Chicken Farming

A healthy hobby
By Patrick Cutsforth

Recently I told my history class teacher that we were butchering our chickens. He was surprised by that, because he grew up in a big city and thinks all chickens were raised by Colonel Sanders, or grow in grocery stores on little plastic trays. Then I found almost all the kids in my class don't know what it's like to raise chickens, let alone butchering them.

Photo courtesy of taliesin/

My name is Patrick Cutsforth. I am a 14-year-old student from Cambria, Wis. My family has been raising chickens for generations. We like raising our own chickens because we like the taste of fresh eggs every morning and we are willing to do the work for that. My parents think it is good for me and my brother to have some responsibilities. Also, chickens are just interesting. They all have different personalities, like some you could just walk up to and pick them up, but others will run away and you can't get anywhere near them.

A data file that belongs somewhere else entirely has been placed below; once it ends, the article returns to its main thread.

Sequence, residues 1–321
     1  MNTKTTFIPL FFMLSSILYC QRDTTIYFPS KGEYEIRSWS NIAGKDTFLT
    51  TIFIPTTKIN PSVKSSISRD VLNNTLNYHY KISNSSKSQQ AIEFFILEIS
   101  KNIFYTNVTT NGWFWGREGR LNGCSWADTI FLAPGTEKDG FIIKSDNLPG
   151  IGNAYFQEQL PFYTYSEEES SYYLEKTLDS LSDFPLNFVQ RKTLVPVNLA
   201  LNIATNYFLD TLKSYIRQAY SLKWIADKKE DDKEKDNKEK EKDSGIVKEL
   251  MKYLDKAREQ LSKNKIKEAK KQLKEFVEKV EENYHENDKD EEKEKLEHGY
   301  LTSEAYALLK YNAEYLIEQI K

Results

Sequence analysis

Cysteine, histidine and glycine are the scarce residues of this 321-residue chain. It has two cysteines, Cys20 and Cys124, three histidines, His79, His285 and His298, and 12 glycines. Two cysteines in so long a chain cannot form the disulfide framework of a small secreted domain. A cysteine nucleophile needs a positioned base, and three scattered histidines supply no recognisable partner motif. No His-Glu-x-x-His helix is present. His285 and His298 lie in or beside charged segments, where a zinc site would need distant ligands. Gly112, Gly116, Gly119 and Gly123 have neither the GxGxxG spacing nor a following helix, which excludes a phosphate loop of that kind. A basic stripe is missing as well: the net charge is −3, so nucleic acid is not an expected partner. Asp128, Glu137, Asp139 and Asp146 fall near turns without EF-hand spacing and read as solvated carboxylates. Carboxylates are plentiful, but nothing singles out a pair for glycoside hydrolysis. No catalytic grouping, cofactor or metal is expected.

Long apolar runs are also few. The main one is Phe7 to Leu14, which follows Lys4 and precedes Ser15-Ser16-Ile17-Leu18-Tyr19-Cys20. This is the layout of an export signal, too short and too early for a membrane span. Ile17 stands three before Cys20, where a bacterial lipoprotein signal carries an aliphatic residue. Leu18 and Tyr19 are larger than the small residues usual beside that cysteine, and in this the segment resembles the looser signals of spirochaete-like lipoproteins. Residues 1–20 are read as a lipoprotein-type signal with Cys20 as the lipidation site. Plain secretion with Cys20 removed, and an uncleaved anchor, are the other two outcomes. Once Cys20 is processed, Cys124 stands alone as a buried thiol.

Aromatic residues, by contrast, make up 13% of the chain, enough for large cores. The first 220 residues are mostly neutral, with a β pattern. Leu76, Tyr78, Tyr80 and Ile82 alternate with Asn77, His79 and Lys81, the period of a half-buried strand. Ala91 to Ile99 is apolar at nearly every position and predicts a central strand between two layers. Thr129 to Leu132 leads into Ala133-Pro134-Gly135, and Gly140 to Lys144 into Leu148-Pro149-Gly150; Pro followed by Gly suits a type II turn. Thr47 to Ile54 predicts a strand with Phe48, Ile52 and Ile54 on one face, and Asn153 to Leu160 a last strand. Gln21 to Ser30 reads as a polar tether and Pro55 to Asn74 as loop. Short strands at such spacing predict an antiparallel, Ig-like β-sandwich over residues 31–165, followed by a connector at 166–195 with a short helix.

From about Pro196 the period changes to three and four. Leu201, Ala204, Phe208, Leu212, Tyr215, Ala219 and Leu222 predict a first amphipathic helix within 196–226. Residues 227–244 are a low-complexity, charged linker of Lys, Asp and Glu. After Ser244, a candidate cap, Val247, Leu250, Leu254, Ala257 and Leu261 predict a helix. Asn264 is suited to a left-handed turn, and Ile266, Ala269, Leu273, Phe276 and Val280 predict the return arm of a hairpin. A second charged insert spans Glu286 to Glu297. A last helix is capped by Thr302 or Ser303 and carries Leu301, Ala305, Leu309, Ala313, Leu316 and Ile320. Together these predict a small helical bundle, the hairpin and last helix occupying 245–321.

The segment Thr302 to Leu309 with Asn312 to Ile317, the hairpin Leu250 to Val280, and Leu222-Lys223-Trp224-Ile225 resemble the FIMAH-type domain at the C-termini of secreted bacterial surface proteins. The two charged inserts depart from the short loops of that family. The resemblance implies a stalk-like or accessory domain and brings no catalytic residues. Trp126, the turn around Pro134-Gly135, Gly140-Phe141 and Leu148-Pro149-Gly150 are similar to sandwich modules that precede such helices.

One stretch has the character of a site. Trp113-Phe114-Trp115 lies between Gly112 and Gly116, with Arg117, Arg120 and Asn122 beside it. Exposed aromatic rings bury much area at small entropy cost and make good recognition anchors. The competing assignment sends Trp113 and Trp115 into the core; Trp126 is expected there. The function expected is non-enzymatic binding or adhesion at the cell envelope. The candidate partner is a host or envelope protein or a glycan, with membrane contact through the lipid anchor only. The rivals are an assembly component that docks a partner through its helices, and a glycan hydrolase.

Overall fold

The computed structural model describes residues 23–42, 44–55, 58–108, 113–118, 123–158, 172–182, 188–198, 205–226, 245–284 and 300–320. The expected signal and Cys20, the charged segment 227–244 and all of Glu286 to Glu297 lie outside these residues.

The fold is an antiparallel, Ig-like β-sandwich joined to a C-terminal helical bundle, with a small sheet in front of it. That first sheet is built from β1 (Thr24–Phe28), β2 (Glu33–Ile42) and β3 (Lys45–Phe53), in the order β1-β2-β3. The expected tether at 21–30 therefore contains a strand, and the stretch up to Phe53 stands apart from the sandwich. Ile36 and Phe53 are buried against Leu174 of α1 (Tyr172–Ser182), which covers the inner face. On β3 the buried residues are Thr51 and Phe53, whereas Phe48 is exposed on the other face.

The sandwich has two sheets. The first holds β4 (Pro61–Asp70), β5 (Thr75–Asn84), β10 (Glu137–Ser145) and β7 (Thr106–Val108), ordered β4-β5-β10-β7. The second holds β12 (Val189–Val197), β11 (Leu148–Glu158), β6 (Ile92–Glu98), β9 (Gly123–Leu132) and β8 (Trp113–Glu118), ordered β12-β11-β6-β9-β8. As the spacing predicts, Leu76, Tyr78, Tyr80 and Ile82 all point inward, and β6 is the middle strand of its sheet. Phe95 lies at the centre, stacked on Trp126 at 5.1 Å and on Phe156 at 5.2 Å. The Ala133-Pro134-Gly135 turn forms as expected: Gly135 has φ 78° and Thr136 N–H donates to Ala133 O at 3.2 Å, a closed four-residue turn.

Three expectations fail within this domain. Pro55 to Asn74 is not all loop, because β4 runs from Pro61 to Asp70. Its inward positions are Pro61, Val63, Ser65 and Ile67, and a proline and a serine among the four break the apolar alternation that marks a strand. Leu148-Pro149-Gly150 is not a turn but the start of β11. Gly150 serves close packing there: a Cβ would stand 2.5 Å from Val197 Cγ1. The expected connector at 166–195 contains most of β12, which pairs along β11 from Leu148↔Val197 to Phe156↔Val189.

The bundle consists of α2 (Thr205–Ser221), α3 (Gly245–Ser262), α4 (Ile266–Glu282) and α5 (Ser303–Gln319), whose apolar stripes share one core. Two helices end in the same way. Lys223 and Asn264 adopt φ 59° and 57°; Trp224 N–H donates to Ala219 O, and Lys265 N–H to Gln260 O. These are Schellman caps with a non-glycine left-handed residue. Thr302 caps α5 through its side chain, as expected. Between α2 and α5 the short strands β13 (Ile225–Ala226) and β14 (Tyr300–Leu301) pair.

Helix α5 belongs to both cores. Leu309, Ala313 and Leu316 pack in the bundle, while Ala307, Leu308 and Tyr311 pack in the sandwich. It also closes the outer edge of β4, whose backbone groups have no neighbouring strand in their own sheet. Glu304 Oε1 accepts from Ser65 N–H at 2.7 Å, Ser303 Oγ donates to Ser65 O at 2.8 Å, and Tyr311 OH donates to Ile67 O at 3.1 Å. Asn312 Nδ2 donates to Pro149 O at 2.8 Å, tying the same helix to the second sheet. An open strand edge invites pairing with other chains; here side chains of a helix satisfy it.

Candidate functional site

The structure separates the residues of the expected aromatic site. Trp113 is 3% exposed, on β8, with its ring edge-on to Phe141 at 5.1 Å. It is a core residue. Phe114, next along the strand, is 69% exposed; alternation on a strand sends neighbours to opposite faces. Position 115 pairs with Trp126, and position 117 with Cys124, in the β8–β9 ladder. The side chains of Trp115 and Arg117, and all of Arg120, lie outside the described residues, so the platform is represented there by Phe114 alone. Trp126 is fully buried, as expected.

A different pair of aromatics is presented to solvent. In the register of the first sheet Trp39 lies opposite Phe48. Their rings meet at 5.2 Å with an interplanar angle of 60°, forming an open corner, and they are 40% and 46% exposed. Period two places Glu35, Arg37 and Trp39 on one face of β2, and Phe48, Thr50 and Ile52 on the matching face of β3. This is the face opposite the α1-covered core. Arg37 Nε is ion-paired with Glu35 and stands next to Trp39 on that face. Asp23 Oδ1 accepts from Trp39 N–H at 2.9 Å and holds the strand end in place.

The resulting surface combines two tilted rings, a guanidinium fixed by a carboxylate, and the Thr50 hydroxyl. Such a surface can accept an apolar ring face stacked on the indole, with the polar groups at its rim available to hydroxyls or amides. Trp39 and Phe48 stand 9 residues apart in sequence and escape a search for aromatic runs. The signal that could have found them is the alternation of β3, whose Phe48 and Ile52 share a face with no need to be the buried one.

A lot of people these days are trying to raise chickens in town because there is more nutrition and everyone likes the fresh taste of homegrown eggs. The eggs you buy at the store are just not the same. Some people with bigger chicken farms usually sell the eggs for extra income. If you eat a fresh egg and then eat an egg from the store, you will never want a store egg again.

I would just like to remind people that you have to be somewhat dedicated to do this. You have to wake up in the morning to collect eggs, give them water, and once in a while clean the coop. You should also have a safe coop, because in the area I live there are a lot of coyotes.

Not every year is the same, so you never know what to expect. For example, usually we don't feed ours, but last year when it was so dry we had to throw some cracked corn out for them.

This is a fascinating hobby. I would encourage people to consider raising for fun or even profit.

Patrick Cutsforth is a student from Wisconsin. Send your letters to